The two Cubs starters bear absolutely no physical resemblance to each other, but Sergio Mitre's impersonation of a young Greg Maddux is getting more impressive with every outing.
The 24-year-old right-hander tossed his first career shutout Tuesday in the Cubs' 14-0 shellacking of Florida that snapped their two-game losing streak before a stunned crowd of 38,887.
horses, Mark Prior and Kerry Wood, remain on the disabled list, young Mitre suddenly has exploded into prominence with 16 consecutive shutout innings.
"The horses are the horses," manager Dusty Baker said. "He's not a horse yet. He's a little pony trying to be a horse."
Mitre (2-1) allowed fives hits while striking out three and walking none in a brilliant 98-pitch outing. After getting so many opportunities over the last three seasons and not sticking, Mitre's confidence appears sky-high.
"I feel better," he said. "It helps a lot just to know I can go out there and get the job done. But it's back to square one. Keep working."
The Cubs pounded out four home runs, posted a pair of five-run innings and had 18 hits against Marlins pitcher Josh Beckett (7-5) and four relievers. Aramis Ramirez homered twice and drove in four runs, Michael Barrett homered and drove in four and Derrek Lee went 4-for-5 with his 18th homer, two doubles and three RBIs. Lee hiked his major-league leading average to a sizzling .386.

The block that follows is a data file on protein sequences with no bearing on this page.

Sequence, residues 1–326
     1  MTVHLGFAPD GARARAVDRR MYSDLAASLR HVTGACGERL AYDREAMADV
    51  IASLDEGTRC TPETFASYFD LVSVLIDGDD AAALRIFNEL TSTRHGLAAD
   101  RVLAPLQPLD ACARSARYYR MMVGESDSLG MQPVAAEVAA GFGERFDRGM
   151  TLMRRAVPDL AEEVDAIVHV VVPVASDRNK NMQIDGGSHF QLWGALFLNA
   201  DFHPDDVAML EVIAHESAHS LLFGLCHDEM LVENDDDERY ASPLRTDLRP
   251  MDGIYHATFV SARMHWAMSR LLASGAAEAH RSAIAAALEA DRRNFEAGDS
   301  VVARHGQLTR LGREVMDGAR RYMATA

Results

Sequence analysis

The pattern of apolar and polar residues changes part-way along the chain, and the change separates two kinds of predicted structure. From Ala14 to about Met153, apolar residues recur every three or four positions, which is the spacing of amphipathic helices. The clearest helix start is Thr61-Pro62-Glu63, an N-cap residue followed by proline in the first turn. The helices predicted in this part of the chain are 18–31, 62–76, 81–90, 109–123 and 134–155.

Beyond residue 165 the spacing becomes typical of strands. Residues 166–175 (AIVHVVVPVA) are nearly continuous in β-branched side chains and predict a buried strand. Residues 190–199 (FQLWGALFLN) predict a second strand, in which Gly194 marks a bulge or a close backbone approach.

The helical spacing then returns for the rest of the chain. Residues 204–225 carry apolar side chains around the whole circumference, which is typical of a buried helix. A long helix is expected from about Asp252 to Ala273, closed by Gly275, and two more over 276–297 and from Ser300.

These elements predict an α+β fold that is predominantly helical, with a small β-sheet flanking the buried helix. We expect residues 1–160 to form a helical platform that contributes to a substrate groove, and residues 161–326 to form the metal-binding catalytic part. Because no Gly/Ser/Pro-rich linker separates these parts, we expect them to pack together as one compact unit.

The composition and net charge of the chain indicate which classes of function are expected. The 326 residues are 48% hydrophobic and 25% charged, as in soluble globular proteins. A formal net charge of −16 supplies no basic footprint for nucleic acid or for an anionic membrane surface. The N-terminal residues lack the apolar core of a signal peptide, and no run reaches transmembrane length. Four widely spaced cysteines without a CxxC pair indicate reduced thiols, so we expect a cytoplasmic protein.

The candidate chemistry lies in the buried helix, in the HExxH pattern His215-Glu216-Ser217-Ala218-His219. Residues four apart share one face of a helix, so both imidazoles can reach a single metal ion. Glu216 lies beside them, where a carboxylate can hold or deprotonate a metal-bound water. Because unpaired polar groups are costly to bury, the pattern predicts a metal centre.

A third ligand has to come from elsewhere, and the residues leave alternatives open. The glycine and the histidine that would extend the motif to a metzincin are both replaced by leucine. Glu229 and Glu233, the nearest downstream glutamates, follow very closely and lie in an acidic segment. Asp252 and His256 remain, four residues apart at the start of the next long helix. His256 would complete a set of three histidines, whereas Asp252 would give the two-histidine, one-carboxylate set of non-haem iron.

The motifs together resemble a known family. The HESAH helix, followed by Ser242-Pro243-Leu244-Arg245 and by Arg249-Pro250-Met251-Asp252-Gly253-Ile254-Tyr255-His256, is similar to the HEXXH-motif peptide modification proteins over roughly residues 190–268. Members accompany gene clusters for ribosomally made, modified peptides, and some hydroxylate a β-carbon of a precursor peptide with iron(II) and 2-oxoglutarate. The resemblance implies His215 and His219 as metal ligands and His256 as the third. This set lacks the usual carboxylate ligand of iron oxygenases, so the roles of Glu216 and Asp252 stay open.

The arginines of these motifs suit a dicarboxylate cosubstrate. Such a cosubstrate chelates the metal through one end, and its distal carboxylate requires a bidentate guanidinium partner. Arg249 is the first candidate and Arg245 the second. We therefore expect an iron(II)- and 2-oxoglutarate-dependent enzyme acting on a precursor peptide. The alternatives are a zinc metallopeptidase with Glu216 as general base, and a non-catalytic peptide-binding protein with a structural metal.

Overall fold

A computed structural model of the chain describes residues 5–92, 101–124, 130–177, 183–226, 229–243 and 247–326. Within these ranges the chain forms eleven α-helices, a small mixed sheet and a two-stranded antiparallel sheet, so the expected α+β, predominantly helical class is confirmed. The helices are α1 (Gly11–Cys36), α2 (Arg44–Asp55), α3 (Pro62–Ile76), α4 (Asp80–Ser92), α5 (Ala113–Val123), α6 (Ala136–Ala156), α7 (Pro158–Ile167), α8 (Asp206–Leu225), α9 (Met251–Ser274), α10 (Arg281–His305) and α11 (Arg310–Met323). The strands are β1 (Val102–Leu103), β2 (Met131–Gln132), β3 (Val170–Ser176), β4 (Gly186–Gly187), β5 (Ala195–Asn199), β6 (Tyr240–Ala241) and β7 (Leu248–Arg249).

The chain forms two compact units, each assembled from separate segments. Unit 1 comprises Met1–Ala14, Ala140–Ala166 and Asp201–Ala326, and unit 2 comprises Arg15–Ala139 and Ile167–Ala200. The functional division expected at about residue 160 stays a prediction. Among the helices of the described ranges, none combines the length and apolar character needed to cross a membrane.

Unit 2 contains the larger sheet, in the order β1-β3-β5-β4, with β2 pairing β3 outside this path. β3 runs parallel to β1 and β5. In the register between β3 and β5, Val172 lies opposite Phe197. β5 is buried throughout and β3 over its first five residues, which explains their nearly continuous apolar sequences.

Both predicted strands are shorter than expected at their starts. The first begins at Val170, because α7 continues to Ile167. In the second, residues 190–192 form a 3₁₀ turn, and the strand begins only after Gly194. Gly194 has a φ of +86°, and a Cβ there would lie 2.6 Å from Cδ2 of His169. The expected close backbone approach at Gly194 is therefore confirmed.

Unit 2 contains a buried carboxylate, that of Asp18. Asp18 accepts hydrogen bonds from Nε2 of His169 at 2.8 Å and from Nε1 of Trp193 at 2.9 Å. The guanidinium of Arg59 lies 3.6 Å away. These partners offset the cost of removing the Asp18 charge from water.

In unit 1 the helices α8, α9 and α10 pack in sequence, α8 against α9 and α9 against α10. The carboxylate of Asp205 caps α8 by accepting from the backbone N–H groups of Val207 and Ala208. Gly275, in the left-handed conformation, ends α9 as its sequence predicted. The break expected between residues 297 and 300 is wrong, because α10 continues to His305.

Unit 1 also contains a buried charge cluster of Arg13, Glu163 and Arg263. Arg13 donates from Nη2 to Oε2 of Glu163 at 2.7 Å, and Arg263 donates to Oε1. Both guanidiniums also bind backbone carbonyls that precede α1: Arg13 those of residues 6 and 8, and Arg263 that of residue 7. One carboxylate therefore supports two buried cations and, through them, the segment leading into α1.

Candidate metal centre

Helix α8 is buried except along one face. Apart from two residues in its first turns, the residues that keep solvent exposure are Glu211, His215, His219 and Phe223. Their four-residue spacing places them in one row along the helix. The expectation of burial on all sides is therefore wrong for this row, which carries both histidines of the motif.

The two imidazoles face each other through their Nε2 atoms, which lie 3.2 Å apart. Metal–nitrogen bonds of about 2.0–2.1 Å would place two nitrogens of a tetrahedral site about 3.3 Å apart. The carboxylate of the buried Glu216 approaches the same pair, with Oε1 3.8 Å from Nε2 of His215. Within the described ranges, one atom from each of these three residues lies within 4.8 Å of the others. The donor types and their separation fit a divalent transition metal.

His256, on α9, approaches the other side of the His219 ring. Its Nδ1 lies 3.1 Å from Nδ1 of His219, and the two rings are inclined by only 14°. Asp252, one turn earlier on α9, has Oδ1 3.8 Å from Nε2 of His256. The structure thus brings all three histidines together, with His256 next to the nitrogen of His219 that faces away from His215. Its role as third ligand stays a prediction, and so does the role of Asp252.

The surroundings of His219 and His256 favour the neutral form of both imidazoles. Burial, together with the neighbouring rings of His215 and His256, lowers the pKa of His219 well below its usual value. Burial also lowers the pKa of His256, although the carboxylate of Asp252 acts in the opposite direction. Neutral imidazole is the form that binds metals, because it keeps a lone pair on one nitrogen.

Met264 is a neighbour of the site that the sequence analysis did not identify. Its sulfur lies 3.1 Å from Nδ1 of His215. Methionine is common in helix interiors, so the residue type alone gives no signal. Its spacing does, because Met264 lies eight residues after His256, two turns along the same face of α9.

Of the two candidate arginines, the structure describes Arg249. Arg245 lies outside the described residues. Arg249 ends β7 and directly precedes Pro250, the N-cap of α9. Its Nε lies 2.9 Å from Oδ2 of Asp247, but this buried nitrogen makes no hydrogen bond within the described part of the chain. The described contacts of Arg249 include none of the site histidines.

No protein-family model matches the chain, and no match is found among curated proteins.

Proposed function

Once again, Lee is leading the National League in all Triple Crown categories. He came into Tuesday ranked first in average and home runs, and moved into a first-place tie in RBIs (56) with Milwaukee's Carlos Lee.
"The wind was blowing out, so if you got it in the air, you had a good chance," Lee said. "It was definitely a great hitting day, and that just shows how well Sergio pitched. It was a good day to be a sinkerballer."
The Cubs evened their record at 4-4 on the nine-game homestand heading into Wednesday's intriguing matchup between Maddux and A.J. Burnett.
Mitre threw first-pitch strikes consistently and kept the ball low and away, recording 18 ground ball outs. The only balls off him that left the infield through the first six innings were singles by Alex Gonzalez in the third and Carlos Delgado in the fourth.
"That was one of the better games I've seen pitched in a long time," Baker said.
When Damion Easley popped to right with one out in the seventh, it was the first time in 13 innings over two starts that a batter hit a fly ball to an outfielder off Mitre.
The terminally serious Mitre didn't bother to smile afterwards, taking his first shutout in stride.
"It's pretty exciting," Mitre said in his patented monotone delivery. "It's over now, so let's move on to tomorrow."
Beckett, coming off the worst start of his career in a loss to Seattle, lasted only 51/3 innings before leaving with a blister on the middle finger of his right hand. The Cubs had a 4-0 lead at that point.
Leading 1-0 in the fourth, Ramirez's two-run shot off Beckett officially started the party.
After Lee led off the sixth with a line-drive home run on a 3-0 pitch, Beckett threw an 0-1 pitch at the knees of Jeromy Burnitz. The apparent purpose pitch prompted a warning from plate umpire Bruce Froemming, but Beckett decided he was done and left the game with the blister problem.
Burnitz followed with a gift double that dropped in front of left-fielder Miguel Cabrera before Ramirez smacked his second home run of the night and 14th of the season. The Cubs wound up with a five-run inning, then cruised to the finish.
Baker had the rare luxury of sitting back and watching his players perform at near-peak level.
"It was a great feeling for me," he said, "Because I didn't have to do nothing."
Cubs 14, Marlins 0